Heart of Louisiana: Letters
BATON ROUGE, La. (WAFB) - When was the last time you sat down and wrote a letter with pen and ink? For many, it may be a lost art, but there is an effort to revive letter writing at a state historic site where John James Audubon once lived.
Writing a letter the old-fashioned way is a process. There’s the quill or maybe something more modern, a bottle of ink, the skill of writing cursive, a thoughtful note, the melting of wax, and a final seal before mailing.
“So I’m really fortunate that I learned cursive writing when I was in elementary school,” Michaela Brown said.
Michaela Brown is a historian and ranger at the Oakley house, part of the Audubon state historic site in St. Francisville. This is where naturalist John James Audubon lived for a few months in 1821, while he tutored the owner’s daughter. It’s also where he painted 32 of his remarkable drawings of the birds of America. Brown has studied old, handwritten letters at Oakley house. As a person who enjoys history, is that where a lot of the history comes from letters?
“It provides us this intimate glimpse into the past that you really can’t get another way, and in the process of transcribing these old letters from the 1840s, and 1850s from our archives, you truly feel like you get to know that person,” Brown said.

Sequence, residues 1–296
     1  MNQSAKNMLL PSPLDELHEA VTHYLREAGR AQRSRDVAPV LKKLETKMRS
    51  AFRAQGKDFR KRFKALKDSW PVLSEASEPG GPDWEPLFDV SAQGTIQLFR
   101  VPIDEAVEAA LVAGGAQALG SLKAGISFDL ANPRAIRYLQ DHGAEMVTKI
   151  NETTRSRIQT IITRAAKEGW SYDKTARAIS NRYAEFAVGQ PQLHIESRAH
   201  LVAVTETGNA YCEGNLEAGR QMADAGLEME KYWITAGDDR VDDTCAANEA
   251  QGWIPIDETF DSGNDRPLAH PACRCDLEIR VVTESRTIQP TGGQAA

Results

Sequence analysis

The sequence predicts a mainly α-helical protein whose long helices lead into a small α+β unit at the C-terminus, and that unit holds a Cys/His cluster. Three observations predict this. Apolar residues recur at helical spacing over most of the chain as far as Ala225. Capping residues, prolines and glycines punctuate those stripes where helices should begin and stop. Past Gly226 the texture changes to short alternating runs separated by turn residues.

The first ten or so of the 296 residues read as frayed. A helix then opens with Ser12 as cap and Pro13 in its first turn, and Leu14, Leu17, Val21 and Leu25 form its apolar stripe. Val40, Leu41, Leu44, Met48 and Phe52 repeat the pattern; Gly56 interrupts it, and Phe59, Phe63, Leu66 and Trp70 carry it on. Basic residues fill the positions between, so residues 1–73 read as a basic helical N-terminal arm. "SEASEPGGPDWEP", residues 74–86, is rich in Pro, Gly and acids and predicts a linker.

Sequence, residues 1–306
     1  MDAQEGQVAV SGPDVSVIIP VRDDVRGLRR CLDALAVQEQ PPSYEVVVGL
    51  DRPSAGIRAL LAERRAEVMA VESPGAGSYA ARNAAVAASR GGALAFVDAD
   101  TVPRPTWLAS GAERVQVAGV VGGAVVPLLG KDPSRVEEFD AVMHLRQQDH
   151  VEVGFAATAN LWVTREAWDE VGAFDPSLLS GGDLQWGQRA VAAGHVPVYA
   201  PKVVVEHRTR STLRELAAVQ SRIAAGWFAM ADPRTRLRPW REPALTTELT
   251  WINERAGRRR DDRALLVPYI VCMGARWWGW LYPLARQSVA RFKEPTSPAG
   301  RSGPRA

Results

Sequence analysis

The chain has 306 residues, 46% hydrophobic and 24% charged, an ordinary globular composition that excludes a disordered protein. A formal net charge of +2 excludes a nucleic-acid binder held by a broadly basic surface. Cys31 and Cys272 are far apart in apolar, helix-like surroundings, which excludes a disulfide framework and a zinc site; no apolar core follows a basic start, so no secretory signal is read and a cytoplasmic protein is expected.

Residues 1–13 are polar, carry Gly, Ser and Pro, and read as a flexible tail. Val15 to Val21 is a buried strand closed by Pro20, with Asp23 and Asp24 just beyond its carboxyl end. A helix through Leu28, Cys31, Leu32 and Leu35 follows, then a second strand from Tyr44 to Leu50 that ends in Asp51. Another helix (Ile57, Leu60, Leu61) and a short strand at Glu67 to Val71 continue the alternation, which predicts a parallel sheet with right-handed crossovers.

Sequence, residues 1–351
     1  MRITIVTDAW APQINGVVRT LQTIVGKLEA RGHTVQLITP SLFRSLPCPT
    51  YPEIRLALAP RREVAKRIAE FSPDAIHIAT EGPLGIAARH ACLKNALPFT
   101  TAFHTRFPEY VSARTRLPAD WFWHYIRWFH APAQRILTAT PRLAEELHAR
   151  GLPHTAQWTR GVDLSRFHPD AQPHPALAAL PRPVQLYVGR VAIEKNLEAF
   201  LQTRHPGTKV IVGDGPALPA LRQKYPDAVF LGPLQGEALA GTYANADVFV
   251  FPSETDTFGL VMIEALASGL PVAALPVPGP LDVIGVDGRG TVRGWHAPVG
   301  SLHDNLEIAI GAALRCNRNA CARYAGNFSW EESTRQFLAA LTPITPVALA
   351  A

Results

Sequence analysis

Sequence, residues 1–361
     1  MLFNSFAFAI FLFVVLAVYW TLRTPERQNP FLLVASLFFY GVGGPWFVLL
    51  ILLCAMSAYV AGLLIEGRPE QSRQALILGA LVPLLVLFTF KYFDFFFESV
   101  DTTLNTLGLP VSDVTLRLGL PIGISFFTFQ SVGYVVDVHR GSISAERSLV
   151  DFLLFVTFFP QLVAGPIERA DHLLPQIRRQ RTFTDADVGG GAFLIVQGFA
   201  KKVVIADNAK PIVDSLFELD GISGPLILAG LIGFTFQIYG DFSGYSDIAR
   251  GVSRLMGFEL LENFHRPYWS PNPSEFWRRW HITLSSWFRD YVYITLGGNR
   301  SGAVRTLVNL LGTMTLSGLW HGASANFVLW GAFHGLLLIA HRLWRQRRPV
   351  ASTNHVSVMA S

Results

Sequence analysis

Brown leads a class that she hopes will rekindle a little interest in handwritten letters.
“Their handwriting had to be written at a 52-degree angle. The process of putting your thoughts to paper is also just really beautiful. It makes your mind kind of work in a different way than I think if you type,” Brown said.
Visitors get an introduction to using pen and ink.
“This is a dip pen and this is something that they would’ve used in the 19th century,” said Brown.
Then it’s time to practice the old cursive style of forming letters.
“Principle one is one line, principle two is a curved line like that,” Brown said.
After a little practice, the guests take a few minutes to carefully craft their letters. So what are a couple of tips for writing a really good letter?
“I think a good letter is a mix of telling the person about yourself and about what’s new with you, and then you ask about them, ask a few questions, ask them. So I think that’s key is to ask a question so that’ll encourage them to then write back and you’re gonna at the bottom and fold it up,” Brown said.
After the letters are finished, there is a proper way to fold the paper so it can be mailed without an envelope.
“I went ahead and added some wax.
The final step is melting wax over a candle and then carefully pouring it to seal the folded letter.
“We had the most fun ever and I wrote a letter to my daughter and I wrote some famous old sayings that I love,” Toni Nershi said.
“Whoever receives it, I guarantee will be so touched that you took the time to think about them and that you wanted to reach out,” Brown said.
It’s a fun way to perhaps rekindle a little interest in what may become the lost art of handwriting.
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